Director: Orson Welles
Cast: Orson Welles, Joseph Cotton, Dorothy Comingore, Everett Sloane, Ray Collins, George Coulouris, Agnes Moorhead, Paul Stewart, Ruth Warrick, Erskine Sanford, William Alland
Screenplay: Herman J. Mankiewicz, Orson Welles
119 mins. Not Rated.
- Academy Award Winner: Best Writing, Original Screenplay
- Academy Award Nominee: Best Actor in a Leading Role [Orson Welles]
- Academy Award Nominee: Best Picture
- Academy Award Nominee: Best Director
- Academy Award Nominee: Best Cinematography, Black-and-White
- Academy Award Nominee: Best Art Direction-Interior Decoration, Black-and-White
- Academy Award Nominee: Best Sound, Recording
- Academy Award Nominee: Best Film Editing
- Academy Award Nominee: Best Music, Scoring of a Dramatic Picture
IMDb Top 250: #67 (as of 5/1/2016)
Wow, 75 years. Hard to believe that Citizen Kane, named by many as the greatest film of all time, is 75 years old. A classic by many means, I took the opportunity today to re-experience this film again and showed it to a couple of first-timers in the hopes of teaching them something about the history of film, and I got to witness this film again as if for the first time. Here we go.
Citizen Kane covers the death of Charles Foster Kane (Orson Welles, Touch of Evil, F for Fake), a now reclusive businessman and public figure, and a man trying to understand the mystery surrounding him. Jerry Thompson (William Alland, Revenge of the Creature, The Deadly Mantis) sets out to interview Kane’s family and estranged friends to unearth the meaning behind his last words. As Thompson uncovers more and more of Kane’s past in an effort to understand the man, he finds a shocking tapestry of sadness and a man who pined for power but found himself none the happier for it. From firsthand accounts by Kane’s second ex-wife Susan Alexander Kane (Dorothy Comingore, Prison Train, The Big Night), his closest friend Jed Leland (Joseph Cotton, The Third Man, Shadow of a Doubt), and business partner Mr. Bernstein (Everett Sloane, The Lady from Shanghai, Someone Up There Likes Me), Thompson finds more questions than answers in his attempt to find the mysterious Rosebud.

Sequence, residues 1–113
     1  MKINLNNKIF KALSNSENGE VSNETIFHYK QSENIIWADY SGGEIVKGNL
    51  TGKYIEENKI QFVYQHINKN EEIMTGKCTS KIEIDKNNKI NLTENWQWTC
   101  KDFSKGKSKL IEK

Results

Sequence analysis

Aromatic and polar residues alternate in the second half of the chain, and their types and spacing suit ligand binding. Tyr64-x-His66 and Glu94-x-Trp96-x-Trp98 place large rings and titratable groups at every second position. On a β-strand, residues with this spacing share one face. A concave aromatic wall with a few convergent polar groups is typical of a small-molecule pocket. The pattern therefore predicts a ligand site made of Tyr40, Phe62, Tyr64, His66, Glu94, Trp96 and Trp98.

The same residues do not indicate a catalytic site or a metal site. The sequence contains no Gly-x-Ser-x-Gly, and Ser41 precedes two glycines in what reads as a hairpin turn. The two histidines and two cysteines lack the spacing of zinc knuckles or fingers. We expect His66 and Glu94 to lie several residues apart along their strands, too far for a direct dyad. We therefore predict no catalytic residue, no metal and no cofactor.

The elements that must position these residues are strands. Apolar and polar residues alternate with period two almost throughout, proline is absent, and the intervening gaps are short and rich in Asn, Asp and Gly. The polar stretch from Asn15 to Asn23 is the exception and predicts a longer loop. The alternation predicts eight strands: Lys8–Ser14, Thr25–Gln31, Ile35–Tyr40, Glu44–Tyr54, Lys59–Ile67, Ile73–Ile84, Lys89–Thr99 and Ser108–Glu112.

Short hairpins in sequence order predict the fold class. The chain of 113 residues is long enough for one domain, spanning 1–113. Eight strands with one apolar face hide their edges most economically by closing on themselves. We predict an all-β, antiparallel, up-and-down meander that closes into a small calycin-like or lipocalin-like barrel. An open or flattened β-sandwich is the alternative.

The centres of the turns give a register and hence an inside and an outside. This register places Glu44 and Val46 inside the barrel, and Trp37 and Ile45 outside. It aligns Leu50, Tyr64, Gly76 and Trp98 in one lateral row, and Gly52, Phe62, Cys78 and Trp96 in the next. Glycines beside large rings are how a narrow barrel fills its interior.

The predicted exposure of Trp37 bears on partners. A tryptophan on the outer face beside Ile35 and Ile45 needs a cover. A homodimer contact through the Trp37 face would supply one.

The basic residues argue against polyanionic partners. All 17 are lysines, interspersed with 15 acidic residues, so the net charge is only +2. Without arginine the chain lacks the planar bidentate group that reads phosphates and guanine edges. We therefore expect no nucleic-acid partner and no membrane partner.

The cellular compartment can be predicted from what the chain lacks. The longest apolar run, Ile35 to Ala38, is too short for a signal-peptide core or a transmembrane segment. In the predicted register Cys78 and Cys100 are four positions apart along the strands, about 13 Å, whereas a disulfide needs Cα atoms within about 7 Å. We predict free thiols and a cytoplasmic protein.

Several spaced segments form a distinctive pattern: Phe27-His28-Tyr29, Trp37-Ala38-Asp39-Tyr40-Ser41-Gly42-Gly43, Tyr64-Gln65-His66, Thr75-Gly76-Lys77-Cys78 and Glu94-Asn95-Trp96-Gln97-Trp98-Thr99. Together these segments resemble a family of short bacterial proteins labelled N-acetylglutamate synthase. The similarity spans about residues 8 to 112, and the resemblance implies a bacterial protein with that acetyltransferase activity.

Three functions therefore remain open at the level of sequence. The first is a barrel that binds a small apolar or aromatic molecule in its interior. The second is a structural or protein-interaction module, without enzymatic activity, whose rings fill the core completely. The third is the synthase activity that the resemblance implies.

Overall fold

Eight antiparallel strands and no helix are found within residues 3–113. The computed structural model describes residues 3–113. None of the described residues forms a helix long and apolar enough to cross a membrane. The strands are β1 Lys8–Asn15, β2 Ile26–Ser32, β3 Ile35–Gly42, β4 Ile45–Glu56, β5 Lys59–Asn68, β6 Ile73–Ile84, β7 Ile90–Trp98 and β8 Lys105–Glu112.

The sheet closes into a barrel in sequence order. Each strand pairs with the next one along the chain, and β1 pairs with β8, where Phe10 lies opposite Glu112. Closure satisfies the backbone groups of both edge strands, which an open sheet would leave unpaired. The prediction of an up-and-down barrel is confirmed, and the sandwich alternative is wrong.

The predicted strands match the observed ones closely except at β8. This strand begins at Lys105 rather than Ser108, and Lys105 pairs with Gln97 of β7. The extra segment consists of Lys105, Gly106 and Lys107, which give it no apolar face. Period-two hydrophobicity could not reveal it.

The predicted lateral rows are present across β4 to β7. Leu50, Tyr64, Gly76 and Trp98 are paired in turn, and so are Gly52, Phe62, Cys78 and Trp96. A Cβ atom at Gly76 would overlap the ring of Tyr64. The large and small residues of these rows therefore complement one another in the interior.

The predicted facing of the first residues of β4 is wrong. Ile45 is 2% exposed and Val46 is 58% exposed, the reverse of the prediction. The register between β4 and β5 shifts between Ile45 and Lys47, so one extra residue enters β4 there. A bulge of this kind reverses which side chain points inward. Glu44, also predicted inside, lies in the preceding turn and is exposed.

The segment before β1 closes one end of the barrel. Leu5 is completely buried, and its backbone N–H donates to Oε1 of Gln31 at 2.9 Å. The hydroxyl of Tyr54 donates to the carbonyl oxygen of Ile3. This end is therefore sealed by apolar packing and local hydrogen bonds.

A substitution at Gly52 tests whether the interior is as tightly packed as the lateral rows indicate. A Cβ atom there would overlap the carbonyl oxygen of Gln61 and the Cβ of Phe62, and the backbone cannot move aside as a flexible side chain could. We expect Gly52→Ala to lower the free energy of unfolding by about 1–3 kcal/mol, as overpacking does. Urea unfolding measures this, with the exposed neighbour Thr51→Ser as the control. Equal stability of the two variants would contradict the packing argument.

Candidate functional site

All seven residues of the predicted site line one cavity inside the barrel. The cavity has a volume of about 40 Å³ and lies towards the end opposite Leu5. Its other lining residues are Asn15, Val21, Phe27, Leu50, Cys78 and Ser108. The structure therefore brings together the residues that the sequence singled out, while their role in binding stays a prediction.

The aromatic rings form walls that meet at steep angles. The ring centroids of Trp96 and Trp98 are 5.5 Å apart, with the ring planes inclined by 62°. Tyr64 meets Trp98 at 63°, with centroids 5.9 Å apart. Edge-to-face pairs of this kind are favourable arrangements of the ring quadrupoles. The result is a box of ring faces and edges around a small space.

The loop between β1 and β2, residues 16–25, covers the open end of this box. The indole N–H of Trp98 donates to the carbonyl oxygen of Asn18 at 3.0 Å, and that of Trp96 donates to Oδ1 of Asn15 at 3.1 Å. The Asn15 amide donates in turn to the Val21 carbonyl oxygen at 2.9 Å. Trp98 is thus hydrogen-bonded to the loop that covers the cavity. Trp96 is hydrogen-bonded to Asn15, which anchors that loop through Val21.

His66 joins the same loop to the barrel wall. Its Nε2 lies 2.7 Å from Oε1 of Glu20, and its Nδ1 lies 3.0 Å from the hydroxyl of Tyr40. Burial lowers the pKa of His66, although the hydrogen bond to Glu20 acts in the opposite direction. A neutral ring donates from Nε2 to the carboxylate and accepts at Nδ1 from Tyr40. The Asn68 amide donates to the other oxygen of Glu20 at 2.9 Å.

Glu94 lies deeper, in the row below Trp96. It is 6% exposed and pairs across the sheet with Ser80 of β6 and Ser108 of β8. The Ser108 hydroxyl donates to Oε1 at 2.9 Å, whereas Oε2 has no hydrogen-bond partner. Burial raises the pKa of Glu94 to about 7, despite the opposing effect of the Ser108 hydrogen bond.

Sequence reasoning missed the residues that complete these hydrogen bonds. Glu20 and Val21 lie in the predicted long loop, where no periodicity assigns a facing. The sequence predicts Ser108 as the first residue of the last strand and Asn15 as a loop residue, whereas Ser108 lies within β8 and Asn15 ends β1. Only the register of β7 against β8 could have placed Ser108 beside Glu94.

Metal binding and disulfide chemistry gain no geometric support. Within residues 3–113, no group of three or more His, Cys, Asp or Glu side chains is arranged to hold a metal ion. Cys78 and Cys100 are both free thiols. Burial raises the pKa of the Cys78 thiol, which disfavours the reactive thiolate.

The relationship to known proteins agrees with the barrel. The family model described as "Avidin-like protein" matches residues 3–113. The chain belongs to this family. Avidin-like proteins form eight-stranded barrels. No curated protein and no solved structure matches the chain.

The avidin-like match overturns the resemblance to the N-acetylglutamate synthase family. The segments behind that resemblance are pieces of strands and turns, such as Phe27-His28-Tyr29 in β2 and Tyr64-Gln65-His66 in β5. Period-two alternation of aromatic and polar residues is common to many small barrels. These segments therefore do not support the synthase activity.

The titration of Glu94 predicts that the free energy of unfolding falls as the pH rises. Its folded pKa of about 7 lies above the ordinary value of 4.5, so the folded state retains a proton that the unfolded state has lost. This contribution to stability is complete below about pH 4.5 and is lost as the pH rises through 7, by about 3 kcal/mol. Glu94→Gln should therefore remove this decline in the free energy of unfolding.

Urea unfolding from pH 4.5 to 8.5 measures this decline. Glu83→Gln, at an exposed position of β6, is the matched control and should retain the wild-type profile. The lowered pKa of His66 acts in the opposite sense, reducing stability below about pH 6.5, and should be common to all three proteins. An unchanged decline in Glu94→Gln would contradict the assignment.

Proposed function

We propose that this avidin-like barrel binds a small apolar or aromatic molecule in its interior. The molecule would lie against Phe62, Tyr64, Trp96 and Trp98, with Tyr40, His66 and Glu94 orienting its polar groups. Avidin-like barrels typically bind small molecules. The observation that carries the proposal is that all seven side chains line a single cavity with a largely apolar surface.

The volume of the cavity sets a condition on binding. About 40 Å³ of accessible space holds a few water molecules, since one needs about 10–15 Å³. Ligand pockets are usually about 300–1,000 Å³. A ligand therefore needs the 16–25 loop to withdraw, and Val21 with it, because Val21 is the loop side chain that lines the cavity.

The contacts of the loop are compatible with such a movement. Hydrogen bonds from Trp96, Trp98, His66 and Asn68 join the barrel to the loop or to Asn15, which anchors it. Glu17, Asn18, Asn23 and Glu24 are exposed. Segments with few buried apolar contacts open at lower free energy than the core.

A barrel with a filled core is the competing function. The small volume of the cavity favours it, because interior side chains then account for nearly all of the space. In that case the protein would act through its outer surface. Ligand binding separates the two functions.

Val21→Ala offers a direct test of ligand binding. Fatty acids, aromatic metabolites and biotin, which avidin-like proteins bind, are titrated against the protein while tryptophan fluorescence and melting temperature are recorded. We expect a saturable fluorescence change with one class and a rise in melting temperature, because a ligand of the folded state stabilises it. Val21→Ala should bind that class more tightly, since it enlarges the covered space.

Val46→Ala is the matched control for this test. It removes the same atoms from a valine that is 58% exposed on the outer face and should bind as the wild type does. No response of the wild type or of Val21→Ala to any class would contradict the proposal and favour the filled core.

Director, star, and screenwriter Orson Welles delivered his first feature film with Citizen Kane, a movie that slipped into obscurity after initial release only to late resurface due to praise from French critics. Though it was nominated for nine Academy Awards, it only won for its screenplay, a top notch work from Welles and Herman J. Mankiewicz.
The idea of opening with a newsreel covering the finer points of Kane’s life really helps to contrast the public view of Kane with the truth Thompson discovers later on. The film becomes a mystery of its own, not just for Rosebud, but for the myth behind the man.
Welles’ first picture also holds the distinction of having mostly newcomers to the filmmaking process, or those without much background, and much like the more recent direction from filmmakers like Quentin Tarantino, Welles displays his cast for the screen, allowing them time to fully explore the character and give a nuanced performance. I’m speaking particularly about Welles himself, Cotton, Sloane, and Agnes Moorehead (TV’s Bewitched, The Magnificent Ambersons), who played Kane’s mother in an early flashback.
Some of the viewers I introduced to Citizen Kane kept asking the same questions. What makes this the greatest film of all time? I had to answer that much of what they were seeing had never been done before and pioneered the filmmaking process. The music, storytelling with framing device, and gorgeous cinematography tackled new frontiers, many of which are still used today, but we take them for granted now.
Citizen Kane is an excellent example of how to tell a story in Hollywood. It remains one of the most intellectual and beautiful films of all time. Welles was given freedom to do whatever he wanted and have final cut, an ability few have ever been given. He chose to tell the story of a titan, a mogul, based in part on the life of William Randolph Hearst, but in many ways, the film transcends even that to present a stunning portrayal of regret, sadness, and guilt that carries through even now. I suggest this film to anyone looking for a step into the history of filmmaking.
-Kyle A. Goethe